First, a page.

“Cthonic powers are often overlooked by folklore collectors, but in the case of Chernobog specifically, and his sons including Koschai the Wise, German scholars assigned them to the evil pantheon as a way to duplicate the false dichotomy introduced by the church into Slavic religion as it was understood by its enemies. As Sergeiovic said, in refutation of the Childe and Grimm patterns . . .” Catherine pretended to take notes as she studied Tolstoy. He reminded her of a fatter version of Lenin from the Soviet posters, but with more hair on his head, and that hair was blond instead of dark. His dark eyes, almost almond-shaped, did make her wonder if her dad had been right about Tolstoy’s ancestry. Ick. Today he wore an embroidered shirt under his suit coat and looked really odd.
Class ended and she got ready to leave. “Miss Catherine,” he said, standing between her and the door.
She, Boris, and Jose stopped. “Yes, sir?”
He handed her a paper, holding it with two fingers. “This is not creative writing class. And I will not accept any more assignments without your correct name on them.” He stalked off, or kind of waddled. Catherine felt her face turning red as she looked at the paper.
“Wow, what happened? Toasty murder a Vulcan in his office?” Boris asked, pointing to the green ink all over the page.
“Says red’s only for good things. Let’s go.” She snapped. Right, she thought, snarling, I’ll show him. Stolen from foreign myths, huh? Don’t really exist, huh?
The next afternoon Catherine waited outside Tolstoy’s office with her paper, annotated until it looked as if she had more citations than text, and a silk envelope. She’d schedulded the last appointment of the day, so she could do her thing and then get away. The door opened promptly and his voice called, “Come in.”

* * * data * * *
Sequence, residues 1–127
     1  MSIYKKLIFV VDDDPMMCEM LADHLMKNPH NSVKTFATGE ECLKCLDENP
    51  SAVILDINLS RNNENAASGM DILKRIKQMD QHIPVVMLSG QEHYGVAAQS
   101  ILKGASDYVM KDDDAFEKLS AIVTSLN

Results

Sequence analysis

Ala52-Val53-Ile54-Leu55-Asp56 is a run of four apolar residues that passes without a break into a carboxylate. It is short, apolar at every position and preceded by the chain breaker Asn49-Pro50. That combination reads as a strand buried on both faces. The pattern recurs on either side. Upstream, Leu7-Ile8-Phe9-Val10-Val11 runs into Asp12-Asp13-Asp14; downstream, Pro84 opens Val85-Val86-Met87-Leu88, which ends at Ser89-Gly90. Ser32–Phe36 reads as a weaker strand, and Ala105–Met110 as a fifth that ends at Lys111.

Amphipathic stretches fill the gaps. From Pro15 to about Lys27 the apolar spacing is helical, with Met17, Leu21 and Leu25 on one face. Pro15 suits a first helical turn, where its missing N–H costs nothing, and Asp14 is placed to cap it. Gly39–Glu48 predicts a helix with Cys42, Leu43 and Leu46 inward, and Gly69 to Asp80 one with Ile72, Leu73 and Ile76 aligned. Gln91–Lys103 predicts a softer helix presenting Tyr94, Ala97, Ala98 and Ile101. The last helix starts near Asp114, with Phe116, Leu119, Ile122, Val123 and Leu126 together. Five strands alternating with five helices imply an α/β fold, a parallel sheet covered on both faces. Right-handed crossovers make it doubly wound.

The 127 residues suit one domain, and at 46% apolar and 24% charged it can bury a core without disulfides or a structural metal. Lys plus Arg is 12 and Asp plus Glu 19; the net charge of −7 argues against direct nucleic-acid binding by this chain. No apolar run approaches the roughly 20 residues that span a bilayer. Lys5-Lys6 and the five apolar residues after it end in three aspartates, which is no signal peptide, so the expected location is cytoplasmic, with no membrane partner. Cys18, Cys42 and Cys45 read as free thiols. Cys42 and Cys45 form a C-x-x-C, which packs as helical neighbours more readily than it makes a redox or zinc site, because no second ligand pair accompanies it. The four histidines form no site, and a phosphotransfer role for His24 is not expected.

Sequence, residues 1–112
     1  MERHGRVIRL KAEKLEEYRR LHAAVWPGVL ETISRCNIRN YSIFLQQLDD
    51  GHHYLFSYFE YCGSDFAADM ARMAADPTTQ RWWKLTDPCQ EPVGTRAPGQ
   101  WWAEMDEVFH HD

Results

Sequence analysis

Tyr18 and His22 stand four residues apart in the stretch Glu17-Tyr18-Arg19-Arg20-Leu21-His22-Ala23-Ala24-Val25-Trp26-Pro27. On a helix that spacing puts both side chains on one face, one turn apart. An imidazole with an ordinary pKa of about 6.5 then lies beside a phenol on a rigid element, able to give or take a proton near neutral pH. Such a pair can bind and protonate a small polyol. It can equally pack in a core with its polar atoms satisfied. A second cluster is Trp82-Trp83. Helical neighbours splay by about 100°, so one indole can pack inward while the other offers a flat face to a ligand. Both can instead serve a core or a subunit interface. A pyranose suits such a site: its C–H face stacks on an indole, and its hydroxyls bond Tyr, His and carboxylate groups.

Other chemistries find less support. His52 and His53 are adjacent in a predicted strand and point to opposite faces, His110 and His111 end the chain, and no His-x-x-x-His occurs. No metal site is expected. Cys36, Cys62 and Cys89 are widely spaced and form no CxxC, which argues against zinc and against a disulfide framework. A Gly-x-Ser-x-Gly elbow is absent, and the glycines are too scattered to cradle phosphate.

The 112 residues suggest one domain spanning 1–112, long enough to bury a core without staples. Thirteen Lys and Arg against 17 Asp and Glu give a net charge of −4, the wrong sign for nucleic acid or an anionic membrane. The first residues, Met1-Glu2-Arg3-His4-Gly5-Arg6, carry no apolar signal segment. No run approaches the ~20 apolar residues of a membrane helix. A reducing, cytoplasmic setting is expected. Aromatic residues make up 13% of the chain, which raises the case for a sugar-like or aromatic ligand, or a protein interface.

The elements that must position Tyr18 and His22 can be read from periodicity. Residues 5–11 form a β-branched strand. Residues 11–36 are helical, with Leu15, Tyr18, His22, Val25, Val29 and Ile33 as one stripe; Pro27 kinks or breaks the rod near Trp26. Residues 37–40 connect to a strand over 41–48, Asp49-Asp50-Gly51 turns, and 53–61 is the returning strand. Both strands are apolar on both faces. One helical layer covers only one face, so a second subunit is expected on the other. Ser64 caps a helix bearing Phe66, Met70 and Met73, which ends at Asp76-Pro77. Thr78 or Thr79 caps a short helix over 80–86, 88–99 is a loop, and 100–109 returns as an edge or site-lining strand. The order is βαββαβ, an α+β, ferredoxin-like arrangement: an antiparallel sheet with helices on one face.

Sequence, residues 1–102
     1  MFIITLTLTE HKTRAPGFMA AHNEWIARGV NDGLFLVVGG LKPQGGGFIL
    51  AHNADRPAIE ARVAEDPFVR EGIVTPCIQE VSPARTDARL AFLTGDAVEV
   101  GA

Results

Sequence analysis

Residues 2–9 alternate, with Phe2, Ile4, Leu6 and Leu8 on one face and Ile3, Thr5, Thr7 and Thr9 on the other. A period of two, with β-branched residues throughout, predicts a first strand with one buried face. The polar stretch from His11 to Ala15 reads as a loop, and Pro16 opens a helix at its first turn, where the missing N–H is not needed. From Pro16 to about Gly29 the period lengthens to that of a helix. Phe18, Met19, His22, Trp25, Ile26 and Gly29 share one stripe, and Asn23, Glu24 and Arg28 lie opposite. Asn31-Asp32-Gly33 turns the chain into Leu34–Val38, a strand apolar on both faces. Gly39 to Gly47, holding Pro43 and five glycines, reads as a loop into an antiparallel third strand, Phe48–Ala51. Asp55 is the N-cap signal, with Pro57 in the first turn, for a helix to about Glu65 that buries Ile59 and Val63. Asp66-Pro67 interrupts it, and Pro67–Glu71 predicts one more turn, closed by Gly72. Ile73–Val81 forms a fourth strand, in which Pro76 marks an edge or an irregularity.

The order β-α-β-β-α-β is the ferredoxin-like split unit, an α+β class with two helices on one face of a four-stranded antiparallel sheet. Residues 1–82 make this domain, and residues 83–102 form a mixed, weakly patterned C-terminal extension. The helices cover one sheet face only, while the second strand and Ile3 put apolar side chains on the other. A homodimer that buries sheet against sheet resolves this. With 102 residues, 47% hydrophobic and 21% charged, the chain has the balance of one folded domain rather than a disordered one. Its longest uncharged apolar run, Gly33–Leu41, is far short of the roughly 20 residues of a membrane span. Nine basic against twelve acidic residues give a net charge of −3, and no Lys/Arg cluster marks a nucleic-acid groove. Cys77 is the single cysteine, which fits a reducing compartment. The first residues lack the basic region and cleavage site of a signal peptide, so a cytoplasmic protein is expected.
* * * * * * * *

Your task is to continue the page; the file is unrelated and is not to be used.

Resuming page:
She went in. “You have the proper paperwork for registering under your correct name?”
“No, sir. I have evidence that the assertions in my paper are correct and request that you re-enter the grade accordingly.” Like her dad said, she’d come up with a plan, a back-up plan, and had rehearsed in her mind what she wanted to say. She stayed calm, cool, and polite.
“Really. And am I supposed to presume that this evidence is from a source other than Carson’s New World Encyclopedia of Mythology?”
“Yes, sir.” Catherine put the paper on Tolstoy’s rather clean dusk and pulled the silk envelope out of her bag. Her heart started racing as she opened the envelope and pulled out the crimson and gold feathers. “In addition to the documents listed on the assignment, I have two feathers my father took from a firebird eleven years ago.” In the dim light of the office, the feathers shimmered with their own light, much paler than when Catherine had first seen them. “The firebird is not an artifact of Persian myth incorrectly incorporated into Slavic sources by the hey—! What are you— No!”
Tolstoy moved fast for a fat academic, much faster than Catherine anticipated. He knocked his chair over, lunged around the desk and grabbed her wrist, ripping the feathers out of her hand, then spinning her around and pinning the arm behind her. “No! You defile that which is sacred to the rods,” he half-snarled, half-panted. She tried to kick but he dodged, shoving her off-balance and forward, out the office door.